If we were just about code, we’d be trying to sell our code. And we aren’t. We are selling the best solution for a person that we care about.
Which brings me to: The Elevator Pitch.
I have to give a talk soon where I am expected to ‘pitch’ what we do, and it has caused me an unbelievable amount of stress. Not because I don’t know what we do, or because I am afraid to talk (we all know that isn’t true), but because they’ve given me a narrow framework to work with – in which I have to talk about us, differentiate us from the 4 other digital agencies that have given exactly the same talk before me, in 2 minutes.
It made me anxious to have to talk about what we do, because I generally don’t pitch or do any marketing aside from this blog, and some LinkedIn stuff every so often. Every client we get comes to us already warm, referred, with an immediate problem to solve (often a problem created by another agency). We have built a reputation as fixers for a reason, so we prove ourselves, and they generally stay.
So, it has always been inconsequential what a stranger thinks our business is or does, because, if we are taking on clients where we need to explain what a digital agency is or does, not only are they not our target market – we’ll die. If we are competing on the code alone in 2018 – we’ll die. Because we differentiate on being the 2nd, 3rd, maybe even 4th agency that helps them with their problem when nobody else has.
Thankfully, I gave up trying to impress strangers, or justify my existence, a very long time ago.
I’ll tell you this: Strangers will always think we are just about the code. They’ll compare us to Wix. There are people out there who think they can prescribe their own medicine or cure cancer with coconut oil too. They aren’t our customers, because they cannot be helped until they admit they need it.
Our friends know we are so much more than that. And our friends stay with us because we aren’t like any other Digital Agency.
And like Wix, or Squarespace, or even other agencies: none of them are a threat: a) because there is plenty of work and a right fit for everybody; b) because we simply don’t compete on the same field – in fact, creative agencies needing a specialist digital & SEO partner are also clients and c) we are in the business of the intangibles, which are almost impossible to replicate.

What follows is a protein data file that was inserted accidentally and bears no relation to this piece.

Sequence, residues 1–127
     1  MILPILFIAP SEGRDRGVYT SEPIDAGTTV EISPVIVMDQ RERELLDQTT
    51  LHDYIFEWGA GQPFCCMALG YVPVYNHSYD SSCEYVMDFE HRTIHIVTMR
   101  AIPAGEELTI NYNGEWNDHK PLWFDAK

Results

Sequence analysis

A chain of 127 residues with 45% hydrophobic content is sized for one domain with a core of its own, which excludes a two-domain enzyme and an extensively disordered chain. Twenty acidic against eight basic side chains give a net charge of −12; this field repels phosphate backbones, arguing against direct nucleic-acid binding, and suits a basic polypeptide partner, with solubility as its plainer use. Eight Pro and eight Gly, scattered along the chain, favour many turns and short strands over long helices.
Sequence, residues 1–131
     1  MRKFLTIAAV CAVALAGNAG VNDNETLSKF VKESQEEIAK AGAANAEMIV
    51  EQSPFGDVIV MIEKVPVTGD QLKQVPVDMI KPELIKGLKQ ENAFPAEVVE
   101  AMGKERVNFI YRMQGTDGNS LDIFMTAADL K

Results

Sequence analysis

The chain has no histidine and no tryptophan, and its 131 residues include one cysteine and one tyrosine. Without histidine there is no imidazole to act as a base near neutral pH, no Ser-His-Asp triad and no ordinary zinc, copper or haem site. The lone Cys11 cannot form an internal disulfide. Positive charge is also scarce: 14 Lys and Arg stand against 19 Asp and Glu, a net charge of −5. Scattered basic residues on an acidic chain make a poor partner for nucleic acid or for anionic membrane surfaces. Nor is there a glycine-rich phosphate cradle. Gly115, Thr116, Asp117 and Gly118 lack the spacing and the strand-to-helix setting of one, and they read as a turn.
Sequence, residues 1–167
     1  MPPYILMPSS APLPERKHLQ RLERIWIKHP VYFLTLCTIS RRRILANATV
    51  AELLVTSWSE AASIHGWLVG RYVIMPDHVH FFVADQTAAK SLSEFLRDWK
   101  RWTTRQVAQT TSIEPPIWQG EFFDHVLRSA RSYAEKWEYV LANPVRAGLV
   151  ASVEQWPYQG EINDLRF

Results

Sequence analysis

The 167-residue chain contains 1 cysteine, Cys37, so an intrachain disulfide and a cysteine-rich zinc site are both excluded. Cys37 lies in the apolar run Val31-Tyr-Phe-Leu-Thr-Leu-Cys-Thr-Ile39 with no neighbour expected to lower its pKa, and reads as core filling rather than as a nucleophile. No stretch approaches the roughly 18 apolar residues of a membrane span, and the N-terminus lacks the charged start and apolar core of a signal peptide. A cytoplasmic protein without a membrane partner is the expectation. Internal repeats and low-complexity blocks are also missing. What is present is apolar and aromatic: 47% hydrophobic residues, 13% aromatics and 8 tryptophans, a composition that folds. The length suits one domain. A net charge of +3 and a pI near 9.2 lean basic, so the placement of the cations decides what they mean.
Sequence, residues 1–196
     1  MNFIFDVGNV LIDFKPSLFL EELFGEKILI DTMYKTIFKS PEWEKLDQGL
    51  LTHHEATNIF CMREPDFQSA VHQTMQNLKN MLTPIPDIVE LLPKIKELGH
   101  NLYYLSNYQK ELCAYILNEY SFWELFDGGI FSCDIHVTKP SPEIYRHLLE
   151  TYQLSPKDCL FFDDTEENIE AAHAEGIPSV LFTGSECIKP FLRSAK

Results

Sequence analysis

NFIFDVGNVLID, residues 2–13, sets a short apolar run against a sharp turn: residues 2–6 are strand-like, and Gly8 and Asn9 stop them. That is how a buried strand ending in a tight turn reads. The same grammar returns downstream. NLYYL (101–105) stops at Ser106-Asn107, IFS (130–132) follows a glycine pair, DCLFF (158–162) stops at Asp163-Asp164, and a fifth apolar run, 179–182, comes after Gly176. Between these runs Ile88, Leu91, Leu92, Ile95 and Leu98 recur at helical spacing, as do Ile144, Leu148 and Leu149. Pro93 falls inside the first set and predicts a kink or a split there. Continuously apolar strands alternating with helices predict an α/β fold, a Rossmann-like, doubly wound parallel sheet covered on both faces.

There is no one way to do business, just like there is no one solution FOR business.
The old fashioned, dominant (and dare I say certain type of male) approach to business is far too focused on the close – whether or not it is the right solution (and relationship) for the client. When you visit a doctor, are you suspicious when they push a specific drug or treatment on you, that, conveniently, is non-PBS and no generic available? Those doctors pitch. Good doctors don’t have to.
There is WAY too much groupthink on business tactics: “value proposition”, “features” and “pitch” vs intangibles like trust. Yes, getting clear on those is a good idea, but again, that gravity thing where people ruin it.
So now, every networking event is full of insincere and agenda-driven people only talking to you for as long as they see you as part of their funnel, and as just another email for their CRM. Ask how many accountants I went through this year until I found mine, because they put me in their funnel rather than having a real conversation.
That old mindset of “mine” and “grab” and “protect” and “deceive” (VS “everyones” and “share” and “make meaningful connections” and “see what comes out of it”) is outdated thinking, should die, and it is the main reason why we not only develop on Open Source platforms, we also GPL all of our own code.
And, yep, there’ll be people who ruin it, but that’s okay too.
We make money being us.
If there is one takeaway I can give you, please let it be this: even though technology changes, the humans we are working with haven’t.
People are still people, the medicine changes and evolves, but, trust me, despite the hype about AI, very few people will trust a robot doctor to make critical decisions (or hold their hand) when their life is at stake.
Not to labour the medical metaphor, but we are the agency people come to when they’ve tried everything else, and yet still live with chronic pain, because nobody seems to be able pinpoint the cause.
We are the people you come to when the over the counter stuff doesn’t work, or when someone else has hurt them, you’ve tried to perform your own surgery and it needs to be stitched up.
We’re the senior specialists you call when others are in way over their head, when you need to stop the bleeding, or you need a second opinion or a creative solution that is outside the norm, all based on years and years of trial and error that you cannot learn from a book.
We are also the people who, every day, are trying to re-establish trust in an industry when clients have been sold homeopathic remedies and sugar pills by someone else.
How on earth do you even begin to pitch that?
We are so much more than code.